"I'm here to fight for truth and justice and the American way."
During the Golden Age of cinema, the serials regularly raided comic books. Superman and the Mole-Men hit screens in 1951, but that first superhero feature was little more than a glorifed episode of the TV series The Adventures of Superman. The '60s saw a few feature films based on comic books, including Barbarella, Danger: Diabolik, and 1966's jokey superhero one-off Batman (again, a super-sized TV spinoff). But the comic-book movie took an undeniable evolutionary leap when the Man of Steel returned to the big screen in Richard Donner's 1978 film Superman.
Coming only one year after Star Wars and three years after Jaws, Superman was one of the first crop of blockbuster movies. Made for $55 million by father-and-son producers Alexander and Illya Salkind ($4 million of which went to Marlon Brando for ten minutes of screen time), Superman went on to gross more than $300 million worldwide and spawn three sequels. Coming off the success of The Omen, Donner rejected the Salkinds' plan to nab a star and cast 25-year-old unknown Christopher Reeve as Superman.
Donner's sprawling epic begins theatrically, with curtains opening on a sort of faux newsreel, circa 1938 (the year of Superman's comic-book debut). A boy delivers an ode to the Daily Planet, then the bombastic title sequence—with credits zooming through space toward the frame—swells to John Williams' potent "Superman March."
The first section of the film begins, portentously, on Krypton, home-world of Jor-El (Brando), Lara (Susannah York), and their infant son Kal-El. After the trial of supervillains Zod (Terence Stamp), Ursa (Sarah Douglas), and Non (Jack O'Halloran)—priorities, priorities—Jor-El announces that Krypton faces imminent destruction by catastrophic natural disaster. Scoffed at by his peers (including screen vet Trevor Howard), Jor-El is proven right all too soon. Unable to save themselves, Jor-El and Lara point their son, in a spaceship prototype, toward a promising world called Earth...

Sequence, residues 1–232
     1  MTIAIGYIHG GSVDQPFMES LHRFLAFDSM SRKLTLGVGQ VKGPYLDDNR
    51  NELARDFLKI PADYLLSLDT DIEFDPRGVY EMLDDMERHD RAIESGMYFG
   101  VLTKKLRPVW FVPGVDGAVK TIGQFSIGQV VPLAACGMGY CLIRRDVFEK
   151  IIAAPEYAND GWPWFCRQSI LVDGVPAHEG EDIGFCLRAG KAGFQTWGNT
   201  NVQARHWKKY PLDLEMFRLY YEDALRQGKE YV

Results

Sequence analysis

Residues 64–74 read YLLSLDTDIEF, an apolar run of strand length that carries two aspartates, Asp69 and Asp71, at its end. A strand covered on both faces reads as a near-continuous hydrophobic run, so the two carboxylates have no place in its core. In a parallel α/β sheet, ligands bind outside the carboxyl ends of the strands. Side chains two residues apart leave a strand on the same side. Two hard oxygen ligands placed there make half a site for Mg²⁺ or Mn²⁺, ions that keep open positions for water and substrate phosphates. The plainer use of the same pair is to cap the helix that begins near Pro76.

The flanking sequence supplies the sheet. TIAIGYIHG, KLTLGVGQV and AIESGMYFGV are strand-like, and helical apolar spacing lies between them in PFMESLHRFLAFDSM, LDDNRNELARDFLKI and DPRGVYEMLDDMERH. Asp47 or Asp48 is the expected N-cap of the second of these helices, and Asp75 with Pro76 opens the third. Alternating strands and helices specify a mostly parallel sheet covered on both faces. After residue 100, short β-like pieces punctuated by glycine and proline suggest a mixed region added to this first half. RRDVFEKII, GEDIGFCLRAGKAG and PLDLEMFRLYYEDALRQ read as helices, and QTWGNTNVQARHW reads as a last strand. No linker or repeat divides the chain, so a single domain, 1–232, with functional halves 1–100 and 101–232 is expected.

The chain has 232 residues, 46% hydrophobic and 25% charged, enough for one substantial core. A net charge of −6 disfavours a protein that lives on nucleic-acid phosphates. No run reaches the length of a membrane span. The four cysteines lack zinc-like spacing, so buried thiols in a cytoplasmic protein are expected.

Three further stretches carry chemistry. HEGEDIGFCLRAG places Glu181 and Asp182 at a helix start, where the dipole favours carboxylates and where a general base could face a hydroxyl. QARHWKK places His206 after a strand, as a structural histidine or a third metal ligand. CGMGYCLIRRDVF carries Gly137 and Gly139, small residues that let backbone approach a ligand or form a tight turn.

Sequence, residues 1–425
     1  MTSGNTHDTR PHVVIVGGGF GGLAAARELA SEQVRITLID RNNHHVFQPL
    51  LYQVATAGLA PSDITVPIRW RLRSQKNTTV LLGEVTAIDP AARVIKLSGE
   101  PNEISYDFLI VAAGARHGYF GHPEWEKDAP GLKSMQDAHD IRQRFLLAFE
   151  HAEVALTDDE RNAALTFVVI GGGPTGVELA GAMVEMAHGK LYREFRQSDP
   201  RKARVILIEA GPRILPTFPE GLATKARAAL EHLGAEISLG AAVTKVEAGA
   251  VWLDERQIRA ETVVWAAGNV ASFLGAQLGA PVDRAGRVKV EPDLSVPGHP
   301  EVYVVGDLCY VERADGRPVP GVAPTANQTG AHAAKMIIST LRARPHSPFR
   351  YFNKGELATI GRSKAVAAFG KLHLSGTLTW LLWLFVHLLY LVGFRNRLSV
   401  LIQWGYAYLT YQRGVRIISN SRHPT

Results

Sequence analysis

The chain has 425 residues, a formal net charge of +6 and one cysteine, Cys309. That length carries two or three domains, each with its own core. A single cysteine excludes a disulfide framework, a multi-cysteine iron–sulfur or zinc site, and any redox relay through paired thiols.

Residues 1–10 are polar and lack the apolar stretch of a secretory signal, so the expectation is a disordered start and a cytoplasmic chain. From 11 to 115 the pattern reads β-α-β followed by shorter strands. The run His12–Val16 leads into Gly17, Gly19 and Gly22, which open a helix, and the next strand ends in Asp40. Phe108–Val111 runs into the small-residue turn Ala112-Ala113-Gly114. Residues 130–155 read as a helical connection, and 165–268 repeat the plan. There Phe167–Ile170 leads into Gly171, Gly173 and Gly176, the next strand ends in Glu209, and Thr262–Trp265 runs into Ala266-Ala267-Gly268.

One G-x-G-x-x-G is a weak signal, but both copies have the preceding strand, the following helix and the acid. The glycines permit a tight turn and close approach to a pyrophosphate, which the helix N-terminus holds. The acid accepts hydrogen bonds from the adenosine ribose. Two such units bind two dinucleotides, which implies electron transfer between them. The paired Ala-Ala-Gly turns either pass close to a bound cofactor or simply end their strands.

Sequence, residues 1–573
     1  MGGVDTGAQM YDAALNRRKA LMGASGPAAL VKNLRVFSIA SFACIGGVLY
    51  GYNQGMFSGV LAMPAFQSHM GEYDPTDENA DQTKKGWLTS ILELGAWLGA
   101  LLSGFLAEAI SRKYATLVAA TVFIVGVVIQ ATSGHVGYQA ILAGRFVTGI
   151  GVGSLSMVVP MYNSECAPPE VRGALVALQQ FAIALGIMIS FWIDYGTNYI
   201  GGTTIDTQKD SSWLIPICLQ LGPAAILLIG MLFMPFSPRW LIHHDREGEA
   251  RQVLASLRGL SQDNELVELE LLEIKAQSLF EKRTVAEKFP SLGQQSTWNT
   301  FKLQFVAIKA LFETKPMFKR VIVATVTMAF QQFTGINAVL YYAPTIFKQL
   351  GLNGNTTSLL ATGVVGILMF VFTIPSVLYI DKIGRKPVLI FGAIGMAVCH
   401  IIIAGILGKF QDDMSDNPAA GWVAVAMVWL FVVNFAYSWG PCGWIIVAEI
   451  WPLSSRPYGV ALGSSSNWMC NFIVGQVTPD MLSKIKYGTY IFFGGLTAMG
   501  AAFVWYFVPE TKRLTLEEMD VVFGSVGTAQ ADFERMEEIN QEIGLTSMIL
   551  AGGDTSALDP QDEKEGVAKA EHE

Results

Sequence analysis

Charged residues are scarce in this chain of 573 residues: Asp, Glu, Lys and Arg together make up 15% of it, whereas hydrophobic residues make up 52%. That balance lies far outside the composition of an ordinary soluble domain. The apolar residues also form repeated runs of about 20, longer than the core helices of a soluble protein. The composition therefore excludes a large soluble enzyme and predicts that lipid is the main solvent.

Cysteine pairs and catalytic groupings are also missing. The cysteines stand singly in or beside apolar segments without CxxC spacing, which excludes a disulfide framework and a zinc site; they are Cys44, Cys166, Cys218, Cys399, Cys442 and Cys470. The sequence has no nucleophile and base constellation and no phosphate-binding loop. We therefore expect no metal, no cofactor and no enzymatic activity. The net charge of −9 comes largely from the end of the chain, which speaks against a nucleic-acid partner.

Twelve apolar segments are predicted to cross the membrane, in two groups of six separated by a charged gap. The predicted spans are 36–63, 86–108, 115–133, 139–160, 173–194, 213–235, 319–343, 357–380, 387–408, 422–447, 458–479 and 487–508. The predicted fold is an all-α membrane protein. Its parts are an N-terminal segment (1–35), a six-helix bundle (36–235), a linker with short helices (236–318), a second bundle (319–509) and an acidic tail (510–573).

The film's second leg picks up Superman's origin story on Earth—specifically the sunny, sky-country of Smallville—where he is discovered, renamed Clark, and raised to young adulthood by farm couple Jonathan and Martha Kent (Glenn Ford and Phyllis Thaxter). Aaron Smolinski plays baby Clark, who conspicuously lifts a truck, and Jeff East (dubbed by Reeve) plays the teenage Clark. The Smallville scenes efficiently convey the exhilharation and heartache of being an Earth-bound immortal with a secret (these scenes constitute a template that TV's Smallville and Bryan Singer's Superman Returns would later follow).
After consulting the Encylopedia Kryptonnica and hearing the wisdom of his biological father, the grown Superman (Reeve) takes flight with the movie magic promised in the film's memorable advertising campaign ("You will believe a man can fly"). His destination: Metropolis, home of the Daily Planet, its editor Perry White (Jackie Cooper), star reporter Lois Lane (Margot Kidder), and cub photographer Jimmy Olsen (Marc McClure). Here, the story-proper begins to unfold, as Clark Kent becomes a "mild-mannered reporter," and Superman demonstrates his superpowered goodwill to humanity.